Enahoro: The Struggles Of His Life

Pa Anthony Enahoro.

Pa Anthony Enahoro.

Sometime in 1993, senior editors of TheNEWS magazine met Chief Anthony Enahoro in a   suite at the Sheraton Hotel in Ikeja, Lagos.

Pa Anthony Enahoro.

The editors had come to keep an interview appointment on the political situation in  Nigeria and expectedly, the editors had a good session with him. As interviews go,  Chief Enahoro was every editor’s delight. With his superb command of the English  Language, Chief Enahoro was never in short of words to describe whatever he wanted  to describe. Not to him the  ambiguity of speech or thought: He shot straight,   lucidly and sharply. But apart from the interview copy extracted from this former  editor, there was something else the editors took away: Enahoro’s painful  reflections over how things had deteriorated in Nigeria compared with the Nigeria,  where he grew up.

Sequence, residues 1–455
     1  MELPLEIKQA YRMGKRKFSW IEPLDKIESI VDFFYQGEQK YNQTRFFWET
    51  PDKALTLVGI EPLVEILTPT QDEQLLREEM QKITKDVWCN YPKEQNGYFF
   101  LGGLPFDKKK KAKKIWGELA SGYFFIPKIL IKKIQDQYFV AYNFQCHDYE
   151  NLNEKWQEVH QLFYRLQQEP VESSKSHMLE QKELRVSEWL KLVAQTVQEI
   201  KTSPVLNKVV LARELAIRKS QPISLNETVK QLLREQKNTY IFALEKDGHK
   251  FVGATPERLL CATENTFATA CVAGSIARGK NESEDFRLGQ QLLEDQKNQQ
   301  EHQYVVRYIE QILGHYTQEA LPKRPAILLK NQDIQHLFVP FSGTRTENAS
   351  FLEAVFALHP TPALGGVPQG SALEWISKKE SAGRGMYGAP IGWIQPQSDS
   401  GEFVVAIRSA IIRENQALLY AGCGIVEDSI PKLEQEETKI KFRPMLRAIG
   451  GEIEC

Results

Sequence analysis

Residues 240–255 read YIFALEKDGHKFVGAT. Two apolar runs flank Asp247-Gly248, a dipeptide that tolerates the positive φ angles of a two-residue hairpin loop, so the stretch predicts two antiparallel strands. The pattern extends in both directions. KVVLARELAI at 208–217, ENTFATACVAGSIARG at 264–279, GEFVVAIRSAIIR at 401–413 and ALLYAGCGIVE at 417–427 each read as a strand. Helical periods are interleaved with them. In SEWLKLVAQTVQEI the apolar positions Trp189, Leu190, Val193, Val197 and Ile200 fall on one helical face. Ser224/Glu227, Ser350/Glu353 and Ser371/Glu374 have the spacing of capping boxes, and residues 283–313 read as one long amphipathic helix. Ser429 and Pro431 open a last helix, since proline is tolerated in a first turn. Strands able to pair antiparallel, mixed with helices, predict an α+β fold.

“How old are you?’’ he asked one of the editors. When the editor said he was in his  30s, Enahoro paused for some moments  and said:  ”you are certainly not old enough  to understand what I am  going to say about the Lagos of the 50s, where water flowed  in the taps, where the streets were clean and lit  and the gutters flowed and the  bus services ran as they do in London’’. “I am not cursing your generation, but it  is clear that you will not enjoy life the way we enjoyed it in this country. Your  generation will never see the good times again,’’ he added.

Interestingly, Chief Enahoro’s life was devoted to ensuring that the younger  generation inherited a better country. His life was devoted to one political  struggle or the other and until his death, he was  the leading advocate of the need  for the political restructuring of Nigeria, after the meeting of all the ethnic  nationalities. For his political beliefs, Chief Enahoro suffered a lot of  tribulations. He was jailed by the colonialists. He became a  fugitive, following  allegations that he and his political associates in the Action Group, planned to  commit treason and topple the civilian government of Tafawa Balewa.  Under the  Abacha dictatorship, Enahoro was also jailed and later left the country for exile in  the United States of America. He returned to the country following the restoration  of democracy in 1999.